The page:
HC: If Twitter can block Trump, why not Hindu gods’ abuser? | India News

NEW DELHI: The Delhi high court asked Twitter on Monday to furnish its policy on blocking users posting objectionable content, saying the platform is not bothered about the sensitivities of people from “other regions” and ethnicities.
The HC took a dim view of Twitter’s reluctance to act against a user who repeatedly posted objectionable content against Hindu goddesses. When the site claimed it doesn’t block individual accounts unless there is a court order, the HC retorted: “If this is the logic, why have you blocked Mr Trump?”, referring to former US President Donald Trump. A bench acting acting Chief Justice Vipin Sang and Justice Navin Chala said, “It is ultimately boiling down to this – that people you feel sensitive about… the content, you will block them. You are not bothered about the sensitivities of other people in other regions of the world, of ethnicities. We dare say that if these kinds of things were done in relation to another religion, you would be much more careful, more sensitive.”
It was hearing a plea seeking to block an account for allegedly obnoxious posts on “Maa Kaali” and other Hindu goddesses by user “AtheistRepublic” and asking Twitter to produce its standard operating procedure on blocking of accounts.
Twitter that it has removed the objectionable content in the present case and an FIR has been registered in relation to the posts. Its counsel said the platform “can’t block any individual” and cannot take action against alleged objectionable content in the absence of a court order.
The HC said prima facie it is of the view that Twitter’s stand in this regard is “not entirely correct” while taking note that Twitter has “blocked the account of certain individuals from time to time”.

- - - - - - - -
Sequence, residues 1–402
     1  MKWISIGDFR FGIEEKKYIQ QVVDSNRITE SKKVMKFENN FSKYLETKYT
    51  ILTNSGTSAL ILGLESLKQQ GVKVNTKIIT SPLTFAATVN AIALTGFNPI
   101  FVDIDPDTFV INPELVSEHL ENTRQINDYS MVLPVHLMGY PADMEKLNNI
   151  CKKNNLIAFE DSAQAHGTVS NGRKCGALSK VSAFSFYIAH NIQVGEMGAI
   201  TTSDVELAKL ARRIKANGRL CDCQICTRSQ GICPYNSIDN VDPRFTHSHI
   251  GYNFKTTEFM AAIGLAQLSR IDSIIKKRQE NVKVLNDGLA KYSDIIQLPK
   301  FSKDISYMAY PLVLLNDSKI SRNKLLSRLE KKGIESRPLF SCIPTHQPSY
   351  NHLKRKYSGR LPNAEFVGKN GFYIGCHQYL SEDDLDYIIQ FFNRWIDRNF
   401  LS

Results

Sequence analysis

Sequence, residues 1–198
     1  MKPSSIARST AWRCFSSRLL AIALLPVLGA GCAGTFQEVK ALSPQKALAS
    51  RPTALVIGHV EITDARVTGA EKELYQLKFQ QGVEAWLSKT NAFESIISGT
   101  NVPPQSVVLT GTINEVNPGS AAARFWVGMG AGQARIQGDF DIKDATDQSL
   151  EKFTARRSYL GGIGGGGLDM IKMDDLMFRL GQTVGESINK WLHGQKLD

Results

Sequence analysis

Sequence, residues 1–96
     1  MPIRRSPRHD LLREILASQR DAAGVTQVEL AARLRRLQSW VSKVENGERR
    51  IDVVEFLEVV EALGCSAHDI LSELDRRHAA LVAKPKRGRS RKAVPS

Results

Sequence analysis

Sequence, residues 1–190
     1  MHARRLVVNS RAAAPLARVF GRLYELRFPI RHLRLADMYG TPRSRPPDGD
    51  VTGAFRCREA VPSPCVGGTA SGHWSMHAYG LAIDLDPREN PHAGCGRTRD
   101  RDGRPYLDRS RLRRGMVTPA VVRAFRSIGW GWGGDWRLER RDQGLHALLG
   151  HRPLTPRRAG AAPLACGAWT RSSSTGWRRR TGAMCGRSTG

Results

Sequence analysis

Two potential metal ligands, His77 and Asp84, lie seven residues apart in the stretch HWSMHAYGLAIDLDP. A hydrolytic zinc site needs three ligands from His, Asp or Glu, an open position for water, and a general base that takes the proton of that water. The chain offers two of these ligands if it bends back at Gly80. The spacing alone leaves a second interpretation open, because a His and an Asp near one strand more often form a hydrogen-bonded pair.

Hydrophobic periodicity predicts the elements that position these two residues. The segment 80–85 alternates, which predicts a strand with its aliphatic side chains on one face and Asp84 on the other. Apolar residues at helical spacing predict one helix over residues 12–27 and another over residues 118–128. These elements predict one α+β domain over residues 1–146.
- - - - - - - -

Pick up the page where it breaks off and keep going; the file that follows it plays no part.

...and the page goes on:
The HC underlined that Twitter also needs to follow the framework under the relevant IT Rules for social media intermediaries and asked it to explain if it is forced to keep a watch on its users for offensive content and whether it blocks an account on receiving repeated complaints. The court directed Twitter, the Center and the handleAtheistRepublic” to respond to the plea, while taking on record the handle’s assurance that in the time it would not post any offending material. It also asked “AtheistRepublic” to file an affidavit disclosing its constitution, location, presence of any place of business and privates of its authorized representatives in India if any.
Petitioner Aditya Singh Deshwal said the Twitter user should be blocked for putting “ridiculous content against all religions” and being a habitual offender. The petitioner had claimed that Hindu goddess were represented in a disgraceful and outrageous manner by the user and that such content was in violation of the new IT Rules.


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